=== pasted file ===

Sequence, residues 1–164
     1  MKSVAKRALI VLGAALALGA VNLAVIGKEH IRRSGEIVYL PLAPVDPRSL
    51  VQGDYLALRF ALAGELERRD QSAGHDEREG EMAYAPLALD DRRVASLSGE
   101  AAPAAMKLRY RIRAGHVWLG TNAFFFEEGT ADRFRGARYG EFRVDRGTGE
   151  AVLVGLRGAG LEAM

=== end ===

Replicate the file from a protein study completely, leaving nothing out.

Sequence, residues 1–164
     1  MKSVAKRALI VLGAALALGA VNLAVIGKEH IRRSGEIVYL PLAPVDPRSL
    51  VQGDYLALRF ALAGELERRD QSAGHDEREG EMAYAPLALD DRRVASLSGE
   101  AAPAAMKLRY RIRAGHVWLG TNAFFFEEGT ADRFRGARYG EFRVDRGTGE
   151  AVLVGLRGAG LEAM